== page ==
I can’t remember exactly when dad surrendered.  I think we were about thirteen or fourteen. After one particularly serious “ass-whooping,” I stood tall before my dad and said, “You might as well give us permission to go because we are going anyway.” By then it was obvious I could take the best of what he could dish out and would gladly do so for a good fishing trip….He finally saw the light. He had two incurable anglers for sons ….he relented.

From that day on we fished without worry. We even managed to persuade him to let us night fish and frog hunt on the lake. He quickly became keen on the frog legs as well as an abundant supply of large bream and bass fillets.

We “generally” respected his request to be home before dark. We weren’t disobedient children, we simply could not help ourselves.  We had to fish….it was in our blood and some sixty some odd years later, it still is.

I’ll see you on the water Chuck….I love you brother!

 

Big Fish

Pyramid Lake

Pyramid Lake Ladder Line

We drove the truck onto the beach of Pyramid Lake while it was still dark. Several campers were already parked on the beach, but there were no signs of movement from the dark interior of the trailers. The four of us quietly exited the truck with our waders and Goretex jackets swishing as we gathered our gear. We donned headlamps and secured stripping baskets, gloves, and our fly rods before we finally pulled our ladders out of the back of the truck. Pyramid Lake is a lake in western Nevada known for big Lahontan cutthroats where fishermen perch on top of a ladder and fish the lake’s large drop off.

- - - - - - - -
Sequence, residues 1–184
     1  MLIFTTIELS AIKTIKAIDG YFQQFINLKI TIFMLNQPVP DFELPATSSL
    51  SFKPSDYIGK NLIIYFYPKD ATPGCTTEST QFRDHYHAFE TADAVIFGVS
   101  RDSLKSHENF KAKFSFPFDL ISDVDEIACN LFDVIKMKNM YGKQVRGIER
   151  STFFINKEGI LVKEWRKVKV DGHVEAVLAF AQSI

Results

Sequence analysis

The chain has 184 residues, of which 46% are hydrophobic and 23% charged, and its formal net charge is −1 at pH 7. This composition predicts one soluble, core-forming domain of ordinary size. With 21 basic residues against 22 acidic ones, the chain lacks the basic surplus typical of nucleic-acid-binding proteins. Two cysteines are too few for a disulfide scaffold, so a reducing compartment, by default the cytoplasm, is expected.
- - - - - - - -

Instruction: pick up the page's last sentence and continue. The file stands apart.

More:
With headlamps bobbing in the darkness, we waddled our ladder out into the dark lake, feeling the water rise from our boots, past our knees and then to our mid section. Knowing the lake floor makes a sudden drop, we positioned our ladders and waited patiently for the earth to spin a bit more so that the sun could fight off the darkness of night. Waiting with fly rods in hand, other headlights started to appear on the beach, and within moments, more fishermen were walking ladders into the dark water.

The dark sky turned gray and fly rods were put to use, heaving heavy shooting heads and flies into the choppy water. Within moments the first of our group raised a bent fly rod high into the air. We all admired the pulsing line and the eruption on the water’s surface as a heavy Lahontan cutthroat thrashed its way into the net.

In truth we are all there looking for a big fish, and although we never laid a hand on any of the big 10 pounders, we each held very respectable fish. But as much as Pyramid Lake is about the lake, there is also something socially binding about the ladder line. We stand like soldiers in a formation. Your comrades to the right and left hold the line and continue to throw flies in to the biting wind and all pray for the tug of a fish and the glory that comes with it. Fishing at Pyramid Lake is truly an experience, not only for the shot at a big fish, but for the friendships built on the ladders